- don't look for the precise - remember that chance favours the prepared, and invest in preparedness, not the prediction. Making predictions tends to narrow our focus and makes us more vulnerable to the events that we do not predict.

- be very opportunistic - strenuously chase opportunities and maximize exposure to them. This stresses the importance of networking.

- avoid people who make predictions and be wary of planners - remember that planners, especially governments and their public servants, are not good at making accurate predictions


"...I will never get to know the unknown since it is unknown. However, I can always guess how it might affect me, and I should base my decisions around that......the probability of a very rare event is not computable; the effect of an events on us is considerably easier to ascertain......we can have a clear idea of the consequences of an event, even if we do not know how likely it is to occur......this idea that in order to make a decision you need to focus on the consequences (what you can know) rather than the probability (which you cannot know) is an essential idea of uncertainty..."

Nassim Taleb, 2007

People like Warren Buffett (Barrie Dunstan, 2009) observed that the lesson learned from experience is that we learned nothing from experience!!!!!!! By the time the lessons are needed, a new generation has either forgotten them or not been taught them. Furthermore, this leads into the phenomenon "creeping determinism", ie

"...the sense that grows on us, in retrospect, that what has happened was actually inevitable - and the chief effect of creeping determinism...... is that it turns unexpected events into expected events..."

Malcolm Gladwell, 2009

The GFC has discredited most mathematical models that endeavour to forecast the future, especially those that used the activities of the past to predict the future and have not incorporated the psychological elements of human behaviour in decision-making. This is linked with the rational-irrational dichotomy and optimistic-pessimistic distinction. We tend to swing from irrational-pessimism, ie doom and gloom, to irrational-optimism, ie exuberance that encourages uncontrollable speculation and risk taking. Furthermore some of the assumptions are not valid, eg most macroeconomic frameworks have treated institutions, like Fannie Mae and Freddie Mac, as neutral. Based on what has happened in GFC, these institutional frameworks are far from neutral in their impact. Fannie Mae and Freddie Mac handle around 50 percent of all mortgages in the United States and they got into financial strife during the GFC.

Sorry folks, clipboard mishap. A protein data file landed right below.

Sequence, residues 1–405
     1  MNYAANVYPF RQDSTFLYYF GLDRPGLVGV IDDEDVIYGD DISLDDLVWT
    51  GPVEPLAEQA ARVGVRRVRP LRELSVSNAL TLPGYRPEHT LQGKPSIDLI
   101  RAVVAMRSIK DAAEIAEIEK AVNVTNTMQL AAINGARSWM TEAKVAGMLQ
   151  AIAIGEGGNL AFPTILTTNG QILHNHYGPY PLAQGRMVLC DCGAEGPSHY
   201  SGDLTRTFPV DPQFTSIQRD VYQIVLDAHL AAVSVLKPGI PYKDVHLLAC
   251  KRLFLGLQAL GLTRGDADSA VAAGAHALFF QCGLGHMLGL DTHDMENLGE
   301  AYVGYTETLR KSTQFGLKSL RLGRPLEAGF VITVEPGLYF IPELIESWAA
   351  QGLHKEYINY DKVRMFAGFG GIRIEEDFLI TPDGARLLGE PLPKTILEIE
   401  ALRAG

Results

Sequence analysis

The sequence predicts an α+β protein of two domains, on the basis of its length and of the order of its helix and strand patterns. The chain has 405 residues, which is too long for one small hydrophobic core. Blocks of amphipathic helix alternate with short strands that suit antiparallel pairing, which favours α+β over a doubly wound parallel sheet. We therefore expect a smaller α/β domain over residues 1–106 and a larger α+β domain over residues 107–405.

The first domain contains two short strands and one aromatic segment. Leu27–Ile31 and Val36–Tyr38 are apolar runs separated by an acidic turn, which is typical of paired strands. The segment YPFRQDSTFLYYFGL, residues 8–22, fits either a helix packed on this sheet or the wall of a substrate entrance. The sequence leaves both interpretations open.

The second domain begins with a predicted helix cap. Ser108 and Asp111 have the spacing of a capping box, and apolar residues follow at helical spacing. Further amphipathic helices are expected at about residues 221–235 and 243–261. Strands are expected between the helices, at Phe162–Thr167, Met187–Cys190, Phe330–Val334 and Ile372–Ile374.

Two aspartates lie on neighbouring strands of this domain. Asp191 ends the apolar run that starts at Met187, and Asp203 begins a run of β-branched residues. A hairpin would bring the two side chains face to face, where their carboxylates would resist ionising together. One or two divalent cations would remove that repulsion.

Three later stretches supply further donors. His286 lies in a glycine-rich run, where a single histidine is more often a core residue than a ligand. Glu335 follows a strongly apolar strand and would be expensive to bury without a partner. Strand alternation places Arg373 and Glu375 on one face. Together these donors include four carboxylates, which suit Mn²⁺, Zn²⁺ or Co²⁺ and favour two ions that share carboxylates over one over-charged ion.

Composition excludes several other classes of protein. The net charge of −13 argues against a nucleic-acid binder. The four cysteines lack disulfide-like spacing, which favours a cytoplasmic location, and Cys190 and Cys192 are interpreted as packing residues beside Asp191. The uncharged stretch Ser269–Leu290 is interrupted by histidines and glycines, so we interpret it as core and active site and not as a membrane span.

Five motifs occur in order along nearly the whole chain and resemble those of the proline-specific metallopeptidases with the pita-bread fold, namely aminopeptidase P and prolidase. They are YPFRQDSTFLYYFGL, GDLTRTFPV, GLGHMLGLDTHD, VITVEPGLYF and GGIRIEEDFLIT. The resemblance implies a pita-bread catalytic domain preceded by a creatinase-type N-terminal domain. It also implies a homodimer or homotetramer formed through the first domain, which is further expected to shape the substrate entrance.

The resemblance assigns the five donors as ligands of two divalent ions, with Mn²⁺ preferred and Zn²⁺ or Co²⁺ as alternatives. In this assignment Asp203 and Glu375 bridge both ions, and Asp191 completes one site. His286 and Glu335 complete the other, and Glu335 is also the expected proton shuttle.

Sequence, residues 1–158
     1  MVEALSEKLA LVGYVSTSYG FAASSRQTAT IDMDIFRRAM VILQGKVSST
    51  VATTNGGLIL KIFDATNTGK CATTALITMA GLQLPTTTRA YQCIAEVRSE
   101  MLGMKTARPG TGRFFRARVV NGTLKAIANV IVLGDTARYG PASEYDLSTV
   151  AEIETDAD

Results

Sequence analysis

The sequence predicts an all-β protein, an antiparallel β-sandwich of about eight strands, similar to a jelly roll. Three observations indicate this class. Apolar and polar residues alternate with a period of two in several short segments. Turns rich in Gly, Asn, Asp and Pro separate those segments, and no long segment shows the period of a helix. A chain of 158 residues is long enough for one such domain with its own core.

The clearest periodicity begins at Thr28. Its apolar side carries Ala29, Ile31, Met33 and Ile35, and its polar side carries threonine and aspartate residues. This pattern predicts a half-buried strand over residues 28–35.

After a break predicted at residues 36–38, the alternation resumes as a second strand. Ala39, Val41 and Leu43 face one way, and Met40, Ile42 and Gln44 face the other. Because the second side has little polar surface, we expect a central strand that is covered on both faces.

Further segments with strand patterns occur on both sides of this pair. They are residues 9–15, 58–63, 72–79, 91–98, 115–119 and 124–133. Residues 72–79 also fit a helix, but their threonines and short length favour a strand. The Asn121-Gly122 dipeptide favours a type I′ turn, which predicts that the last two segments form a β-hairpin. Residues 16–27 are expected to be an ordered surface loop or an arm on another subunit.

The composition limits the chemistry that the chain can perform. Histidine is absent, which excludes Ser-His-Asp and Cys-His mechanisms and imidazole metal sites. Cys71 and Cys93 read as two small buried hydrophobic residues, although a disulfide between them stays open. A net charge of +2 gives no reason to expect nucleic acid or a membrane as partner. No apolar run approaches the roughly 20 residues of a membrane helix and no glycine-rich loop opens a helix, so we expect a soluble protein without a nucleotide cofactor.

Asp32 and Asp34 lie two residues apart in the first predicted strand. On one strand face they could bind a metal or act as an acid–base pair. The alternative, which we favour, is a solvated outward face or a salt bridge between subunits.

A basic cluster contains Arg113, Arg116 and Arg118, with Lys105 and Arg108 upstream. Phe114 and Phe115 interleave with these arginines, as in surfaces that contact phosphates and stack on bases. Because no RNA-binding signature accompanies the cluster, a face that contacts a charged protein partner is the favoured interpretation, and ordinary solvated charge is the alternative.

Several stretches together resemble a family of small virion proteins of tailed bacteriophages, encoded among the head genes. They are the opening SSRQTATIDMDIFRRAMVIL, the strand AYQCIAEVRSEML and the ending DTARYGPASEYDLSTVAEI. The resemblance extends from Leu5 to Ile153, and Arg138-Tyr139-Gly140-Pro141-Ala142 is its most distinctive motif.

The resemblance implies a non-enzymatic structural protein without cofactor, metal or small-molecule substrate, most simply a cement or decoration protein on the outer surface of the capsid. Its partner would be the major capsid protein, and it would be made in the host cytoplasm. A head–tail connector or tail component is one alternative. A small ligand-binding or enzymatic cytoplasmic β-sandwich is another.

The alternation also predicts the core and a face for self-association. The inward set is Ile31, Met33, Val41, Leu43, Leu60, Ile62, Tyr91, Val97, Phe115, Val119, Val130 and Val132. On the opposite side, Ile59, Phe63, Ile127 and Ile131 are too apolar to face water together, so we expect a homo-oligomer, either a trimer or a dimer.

Some more thoughts on the deficiencies of conventional, traditional financial modeling, ie

i) markets are not efficient despite the use of frameworks around the efficient market hypothesis (EMH), such as capital asset price model, the Black-Scholes option pricing model, modern risk management techniques, market-to-market accounting, market cap indexing, concept of shareholder value. Even the US Federal Reserve Bank fell under the spell of "markets know best".

ii) evaluating relative performance, via the use of, for example, alpha and beta (active return and market return), etc results in managers' tendency to over-diversify because of their fear of underperforming against the benchmark. The aim should be to maximize total returns after-tax and should be to maximize rather than to benchmark. The only way to produce a superior performance is to do something different

iii) this time it is different - remember that no one has the ability to predict the future with accuracy. Furthermore, a behavioural bias that we can influence the outcome of uncontrollable events, interpreting information in a way that supports self-interest and with a common focus on the short-term, will provide an illusion of control

iv) valuation matters - indicators such as price/earnings ratio are useful, eg buy stock when ratio is low, and sell when ratio is high. Need to keep emotions and sentiment away from decision-making as that swings from greed to fear

v) adopt a disciplinary approach - be patient and wait for the best time to buy rather than chasing every swing

vi) be careful of leverage - it can turn a good investment bad.

vii) complex mathematical models can hide the real risks - this results in obsession with needless complexity, ie